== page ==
Understanding William Gibson

Understanding William Gibson

Understanding William Gibson

Understanding William Gibson

Synopsis

Gerald Alva Miller Jr.'s Understanding William Gibson is a thoughtful examination of the life and work of William Gibson, author of eleven novels and twenty short stories. Gibson is the recipient of many notable awards for science fiction writing including the Nebula, Hugo, and Philip K. Dick awards. Gibson's iconic novel, Neuromancer, popularized the concept of cyberspace. With his early stories and his first trilogy of novels,Gibson became the father figure for a new genre of science fiction called "cyberpunk" that brought a gritty realism to its cerebral plots involving hackers and artificial intelligences.
This study situates Gibson as a major figure in both science fiction history and contemporary American fiction, and it traces how his aesthetic affected both areas of literature. Miller follows a brief biographical sketch and a survey of the works that influenced him with an examination that divides Gibson's body of work into early stories, his three major novel trilogies, and his standalone works. Miller does not confine his study to major works but instead also delves into Gibson's obscure stories, published and unpublished screenplays, major essays, and collaborations with other authors.
Miller's exploration starts by connecting Gibson to the major countercultural movements that influenced him (the Beat Generation, the hippies, and the punk rock movement) while also placing him within the history of science fiction and examining how his early works reacted against contemporaneous trends in the genre. These early works also exhibit the development of his unique aesthetic that would influence science fiction and literature more generally. Next a lengthy chapter explicates his groundbreaking Sprawl Trilogy, which began with Neuromancer.
Miller then traces Gibson's aesthetic transformations across his two subsequent novel trilogies that increasingly eschew distant futures either to focus on our contemporary historical moment as a kind of science fiction itself or to imagine technological singularities that might lie just around the corner. These chapters detail how Gibson's aesthetic has morphed along with social, cultural, and technological changes in the real world. The study also looks at such standalone works as his collaborative steampunk novel, his attempts at screenwriting, his major essays, and even his experimental hypertext poetry. The study concludes with a discussion of Gibson's lasting influence and a brief examination of his most recent novel, The Peripheral, which signals yet another radical change in Gibson's aesthetic.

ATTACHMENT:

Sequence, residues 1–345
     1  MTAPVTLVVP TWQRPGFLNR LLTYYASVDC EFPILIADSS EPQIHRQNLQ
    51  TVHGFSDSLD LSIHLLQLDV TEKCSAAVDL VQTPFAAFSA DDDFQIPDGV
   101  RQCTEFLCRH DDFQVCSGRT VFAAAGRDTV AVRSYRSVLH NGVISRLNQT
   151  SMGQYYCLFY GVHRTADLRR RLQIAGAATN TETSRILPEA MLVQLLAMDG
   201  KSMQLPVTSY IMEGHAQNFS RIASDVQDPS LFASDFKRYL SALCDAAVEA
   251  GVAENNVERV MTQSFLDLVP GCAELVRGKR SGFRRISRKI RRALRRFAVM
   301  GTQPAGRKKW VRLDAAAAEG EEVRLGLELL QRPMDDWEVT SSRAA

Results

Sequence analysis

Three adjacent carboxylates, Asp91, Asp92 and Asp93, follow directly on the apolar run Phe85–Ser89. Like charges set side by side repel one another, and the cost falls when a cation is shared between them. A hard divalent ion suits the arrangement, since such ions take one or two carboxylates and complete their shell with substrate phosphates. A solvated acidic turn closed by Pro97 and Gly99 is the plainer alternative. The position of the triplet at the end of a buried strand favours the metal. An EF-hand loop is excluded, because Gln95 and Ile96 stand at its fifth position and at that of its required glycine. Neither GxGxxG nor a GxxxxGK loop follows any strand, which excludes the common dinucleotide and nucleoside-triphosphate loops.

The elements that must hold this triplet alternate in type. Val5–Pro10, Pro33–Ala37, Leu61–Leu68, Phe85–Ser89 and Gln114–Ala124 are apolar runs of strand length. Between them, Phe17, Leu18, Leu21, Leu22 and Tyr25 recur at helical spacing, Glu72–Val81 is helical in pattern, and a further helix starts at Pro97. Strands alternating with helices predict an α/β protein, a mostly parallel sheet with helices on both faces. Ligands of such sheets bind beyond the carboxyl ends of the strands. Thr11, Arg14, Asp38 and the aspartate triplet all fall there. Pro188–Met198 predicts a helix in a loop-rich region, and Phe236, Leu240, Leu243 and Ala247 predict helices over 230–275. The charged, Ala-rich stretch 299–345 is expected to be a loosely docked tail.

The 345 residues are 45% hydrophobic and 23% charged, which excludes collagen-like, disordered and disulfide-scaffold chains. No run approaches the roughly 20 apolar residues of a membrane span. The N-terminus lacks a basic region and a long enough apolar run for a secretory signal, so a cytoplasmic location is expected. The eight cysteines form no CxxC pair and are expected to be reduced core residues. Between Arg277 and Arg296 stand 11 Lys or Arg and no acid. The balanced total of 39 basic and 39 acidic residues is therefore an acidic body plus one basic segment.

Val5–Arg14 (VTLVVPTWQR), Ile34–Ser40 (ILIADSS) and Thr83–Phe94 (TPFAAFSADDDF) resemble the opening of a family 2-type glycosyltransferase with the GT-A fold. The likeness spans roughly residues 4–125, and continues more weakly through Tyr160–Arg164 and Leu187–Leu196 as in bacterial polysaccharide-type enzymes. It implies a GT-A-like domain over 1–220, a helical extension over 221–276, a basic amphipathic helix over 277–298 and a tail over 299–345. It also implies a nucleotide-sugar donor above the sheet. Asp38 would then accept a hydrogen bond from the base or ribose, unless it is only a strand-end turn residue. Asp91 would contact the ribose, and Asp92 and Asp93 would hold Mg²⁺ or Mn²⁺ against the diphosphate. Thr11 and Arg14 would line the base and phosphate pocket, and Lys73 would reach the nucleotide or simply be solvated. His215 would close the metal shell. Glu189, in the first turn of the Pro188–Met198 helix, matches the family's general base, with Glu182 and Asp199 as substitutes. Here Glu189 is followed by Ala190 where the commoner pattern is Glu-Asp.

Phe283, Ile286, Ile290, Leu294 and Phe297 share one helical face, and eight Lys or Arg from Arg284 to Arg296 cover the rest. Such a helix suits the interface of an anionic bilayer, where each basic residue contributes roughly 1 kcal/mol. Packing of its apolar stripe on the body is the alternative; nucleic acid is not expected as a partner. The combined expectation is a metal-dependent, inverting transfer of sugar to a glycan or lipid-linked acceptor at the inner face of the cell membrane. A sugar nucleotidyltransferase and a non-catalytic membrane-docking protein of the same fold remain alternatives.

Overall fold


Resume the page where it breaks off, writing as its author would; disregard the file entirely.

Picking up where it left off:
Excerpt

The Understanding Contemporary American Literature series was founded by the estimable Matthew J. Bruccoli (1931-2008), who envisioned these volumes as guides or companions for students as well as good nonacademic readers, a legacy that will continue as new volumes are developed to fill in gaps among the nearly one hundred series volumes published to date and to embrace a host of new writers only now making their marks on our literature.

As Professor Bruccoli explained in his preface to the volumes he edited, because much influential contemporary literature makes special demands, “the word understanding in the titles was chosen deliberately. Many willing readers lack an adequate understanding of how contemporary literature works; that is, of what the author is attempting to express and the means by which it is conveyed.” Aimed at fostering this understanding of good literature and good writers, the criticism and analysis in the series provide instruction in how to read certain contemporary writers—explicating their material, language, structures, themes, and perspectives— and facilitate a more profitable experience of the works under discussion.

In the twenty-first century Professor Bruccoli’s prescience gives us an avenue to publish expert critiques of significant contemporary American writing. The series continues to map the literary landscape and to provide both instruction and enjoyment. Future volumes will seek to introduce new voices alongside canonized favorites, to chronicle the changing literature of our times, and to remain, as Professor Bruccoli conceived, contemporary in the best sense of the word.

Linda Wagner-Martin, Series Editor . . .

Search by... Author
Show... All Results Primary Sources Peer-reviewed

Oops!

An unknown error has occurred. Please click the button below to reload the page. If the problem persists, please try again in a little while.